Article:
March is National Kidney Month. Kidneys play an essential role in our well-being. They keep your body healthy by regulating fluid levels, activating vitamin D for healthy bones, filtering wastes from the blood, directing production of red blood cells, regulating blood pressure and keeping blood minerals in balance. Because kidney disease is more common in individuals with diabetes, Indigenous populations are encouraged to pay a little extra attention to their kidneys.
Kidney-related issues include stones, acute injuries, infections, pains, chronic disease and cancer. While these may be hard to spot, you should make an appointment with your healthcare provider if you experience any of these symptoms:
- Swelling of face, hands, abdomen, ankles and feet
- Blood in urine or foamy urine
- Difficult, painful urination
- Puffy eyes
- Increase thirst
Being proactive and educating yourself is key when aiming to prevent kidney disease. Helpful recipes and resources are available to keep a person on track to leading a healthy lifestyle. The next time you’re prepping for dinner, consider reviewing these Indigenous meal ideas and adding a few new ingredients to your shopping list. Learning to eat more like our ancestors not only celebrates our heritage but these diets largely consist of unprocessed foods that help prevent and control diabetes.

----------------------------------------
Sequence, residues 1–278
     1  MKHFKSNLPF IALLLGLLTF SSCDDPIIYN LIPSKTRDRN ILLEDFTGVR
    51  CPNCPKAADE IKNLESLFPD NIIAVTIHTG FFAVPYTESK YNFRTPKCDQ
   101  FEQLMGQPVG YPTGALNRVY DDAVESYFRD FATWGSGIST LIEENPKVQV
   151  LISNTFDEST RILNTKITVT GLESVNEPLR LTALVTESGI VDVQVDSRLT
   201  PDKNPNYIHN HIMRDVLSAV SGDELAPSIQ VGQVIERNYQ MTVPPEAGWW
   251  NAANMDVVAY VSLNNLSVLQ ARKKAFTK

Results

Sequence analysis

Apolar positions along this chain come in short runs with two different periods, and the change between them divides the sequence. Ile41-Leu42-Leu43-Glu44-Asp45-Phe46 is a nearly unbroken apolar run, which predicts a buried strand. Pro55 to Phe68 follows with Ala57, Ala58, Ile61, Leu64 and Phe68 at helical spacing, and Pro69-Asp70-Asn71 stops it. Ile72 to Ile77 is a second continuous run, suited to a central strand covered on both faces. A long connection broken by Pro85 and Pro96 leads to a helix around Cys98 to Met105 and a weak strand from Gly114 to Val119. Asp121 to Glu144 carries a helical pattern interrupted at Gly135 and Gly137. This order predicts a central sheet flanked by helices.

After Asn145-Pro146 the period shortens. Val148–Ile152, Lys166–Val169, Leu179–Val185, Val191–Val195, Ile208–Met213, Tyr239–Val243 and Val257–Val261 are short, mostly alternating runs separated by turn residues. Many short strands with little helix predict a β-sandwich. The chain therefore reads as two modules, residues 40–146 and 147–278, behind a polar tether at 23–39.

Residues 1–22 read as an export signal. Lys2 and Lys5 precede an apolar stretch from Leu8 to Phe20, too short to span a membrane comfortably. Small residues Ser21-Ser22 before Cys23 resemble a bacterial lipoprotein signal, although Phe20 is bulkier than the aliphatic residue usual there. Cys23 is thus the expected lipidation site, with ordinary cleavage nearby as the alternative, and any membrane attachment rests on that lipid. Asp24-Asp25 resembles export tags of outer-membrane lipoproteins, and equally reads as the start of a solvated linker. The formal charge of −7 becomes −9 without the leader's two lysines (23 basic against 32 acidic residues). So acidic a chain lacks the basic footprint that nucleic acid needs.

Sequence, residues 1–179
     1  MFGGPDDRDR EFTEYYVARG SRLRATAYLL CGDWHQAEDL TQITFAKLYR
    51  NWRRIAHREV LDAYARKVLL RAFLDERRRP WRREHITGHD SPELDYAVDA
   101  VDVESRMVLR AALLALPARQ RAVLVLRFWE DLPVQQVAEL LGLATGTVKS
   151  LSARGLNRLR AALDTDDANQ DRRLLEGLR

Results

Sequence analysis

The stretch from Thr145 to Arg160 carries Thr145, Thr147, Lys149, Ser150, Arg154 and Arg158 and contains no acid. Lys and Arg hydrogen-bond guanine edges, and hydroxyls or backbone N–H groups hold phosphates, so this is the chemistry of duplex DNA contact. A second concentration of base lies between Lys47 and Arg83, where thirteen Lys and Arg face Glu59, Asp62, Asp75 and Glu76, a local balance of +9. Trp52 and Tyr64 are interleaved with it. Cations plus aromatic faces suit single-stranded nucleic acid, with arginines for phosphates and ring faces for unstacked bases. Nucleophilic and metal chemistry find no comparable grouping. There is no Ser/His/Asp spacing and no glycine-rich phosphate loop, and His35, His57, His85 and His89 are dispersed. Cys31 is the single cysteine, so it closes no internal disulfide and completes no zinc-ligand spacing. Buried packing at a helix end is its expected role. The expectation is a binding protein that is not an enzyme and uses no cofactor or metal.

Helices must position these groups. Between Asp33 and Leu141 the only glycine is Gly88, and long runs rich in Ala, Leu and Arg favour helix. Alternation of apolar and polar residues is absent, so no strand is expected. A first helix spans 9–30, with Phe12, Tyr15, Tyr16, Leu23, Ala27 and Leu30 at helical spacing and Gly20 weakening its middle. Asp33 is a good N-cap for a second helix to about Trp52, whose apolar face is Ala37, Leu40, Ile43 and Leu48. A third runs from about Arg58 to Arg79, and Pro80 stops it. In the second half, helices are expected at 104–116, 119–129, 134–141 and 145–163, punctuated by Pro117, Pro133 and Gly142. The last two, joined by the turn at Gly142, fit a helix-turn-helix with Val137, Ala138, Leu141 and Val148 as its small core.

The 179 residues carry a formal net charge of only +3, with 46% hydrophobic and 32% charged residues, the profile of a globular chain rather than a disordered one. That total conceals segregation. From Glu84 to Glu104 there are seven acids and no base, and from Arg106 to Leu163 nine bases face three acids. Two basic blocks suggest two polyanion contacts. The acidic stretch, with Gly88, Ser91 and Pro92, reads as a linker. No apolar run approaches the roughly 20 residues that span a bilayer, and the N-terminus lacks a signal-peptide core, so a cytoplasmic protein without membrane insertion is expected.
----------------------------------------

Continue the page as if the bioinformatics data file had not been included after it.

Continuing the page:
Other kidney-friendly tips can be taken to prevent kidney-related issues. Keep these in mind:
Get tested regularly if you are at risk and ask your doctor to test your kidneys, blood and urine
If you have diabetes, stay in your target blood sugar range
- Lose weight if you are overweight
- Get active
- Quit smoking
- Take medications as directed
Living a healthy lifestyle and being aware of what best suits your body is a great start in preventing kidney disease. If you are unsure what steps to take first, confide in a trusted healthcare provider as soon as possible.
Be sure to spread the information you receive with others you love.